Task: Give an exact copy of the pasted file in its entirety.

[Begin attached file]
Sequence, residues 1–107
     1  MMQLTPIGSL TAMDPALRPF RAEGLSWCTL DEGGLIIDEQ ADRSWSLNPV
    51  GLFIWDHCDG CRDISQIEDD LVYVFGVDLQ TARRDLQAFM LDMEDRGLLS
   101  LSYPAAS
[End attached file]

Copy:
Sequence, residues 1–107
     1  MMQLTPIGSL TAMDPALRPF RAEGLSWCTL DEGGLIIDEQ ADRSWSLNPV
    51  GLFIWDHCDG CRDISQIEDD LVYVFGVDLQ TARRDLQAFM LDMEDRGLLS
   101  LSYPAAS